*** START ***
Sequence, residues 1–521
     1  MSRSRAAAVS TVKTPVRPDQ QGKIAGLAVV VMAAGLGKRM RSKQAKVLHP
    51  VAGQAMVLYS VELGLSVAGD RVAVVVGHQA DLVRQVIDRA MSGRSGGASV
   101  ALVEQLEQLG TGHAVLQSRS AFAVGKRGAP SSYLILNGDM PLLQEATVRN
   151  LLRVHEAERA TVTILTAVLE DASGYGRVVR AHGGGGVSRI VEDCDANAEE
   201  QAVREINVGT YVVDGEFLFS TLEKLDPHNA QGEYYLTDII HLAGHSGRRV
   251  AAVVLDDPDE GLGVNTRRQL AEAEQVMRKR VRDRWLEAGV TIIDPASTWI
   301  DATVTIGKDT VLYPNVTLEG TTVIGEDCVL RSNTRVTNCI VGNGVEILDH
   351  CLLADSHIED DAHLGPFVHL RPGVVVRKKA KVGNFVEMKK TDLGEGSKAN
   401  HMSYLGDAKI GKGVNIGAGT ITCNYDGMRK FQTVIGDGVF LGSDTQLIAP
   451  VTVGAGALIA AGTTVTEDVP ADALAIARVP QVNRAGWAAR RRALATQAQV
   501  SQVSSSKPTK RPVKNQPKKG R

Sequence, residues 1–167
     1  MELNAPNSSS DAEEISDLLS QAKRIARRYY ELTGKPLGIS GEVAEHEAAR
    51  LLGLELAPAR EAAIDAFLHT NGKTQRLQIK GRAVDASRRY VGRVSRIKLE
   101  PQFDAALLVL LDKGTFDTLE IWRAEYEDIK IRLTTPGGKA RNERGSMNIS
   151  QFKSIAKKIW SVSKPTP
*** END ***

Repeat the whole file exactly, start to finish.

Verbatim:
Sequence, residues 1–521
     1  MSRSRAAAVS TVKTPVRPDQ QGKIAGLAVV VMAAGLGKRM RSKQAKVLHP
    51  VAGQAMVLYS VELGLSVAGD RVAVVVGHQA DLVRQVIDRA MSGRSGGASV
   101  ALVEQLEQLG TGHAVLQSRS AFAVGKRGAP SSYLILNGDM PLLQEATVRN
   151  LLRVHEAERA TVTILTAVLE DASGYGRVVR AHGGGGVSRI VEDCDANAEE
   201  QAVREINVGT YVVDGEFLFS TLEKLDPHNA QGEYYLTDII HLAGHSGRRV
   251  AAVVLDDPDE GLGVNTRRQL AEAEQVMRKR VRDRWLEAGV TIIDPASTWI
   301  DATVTIGKDT VLYPNVTLEG TTVIGEDCVL RSNTRVTNCI VGNGVEILDH
   351  CLLADSHIED DAHLGPFVHL RPGVVVRKKA KVGNFVEMKK TDLGEGSKAN
   401  HMSYLGDAKI GKGVNIGAGT ITCNYDGMRK FQTVIGDGVF LGSDTQLIAP
   451  VTVGAGALIA AGTTVTEDVP ADALAIARVP QVNRAGWAAR RRALATQAQV
   501  SQVSSSKPTK RPVKNQPKKG R

Sequence, residues 1–167
     1  MELNAPNSSS DAEEISDLLS QAKRIARRYY ELTGKPLGIS GEVAEHEAAR
    51  LLGLELAPAR EAAIDAFLHT NGKTQRLQIK GRAVDASRRY VGRVSRIKLE
   101  PQFDAALLVL LDKGTFDTLE IWRAEYEDIK IRLTTPGGKA RNERGSMNIS
   151  QFKSIAKKIW SVSKPTP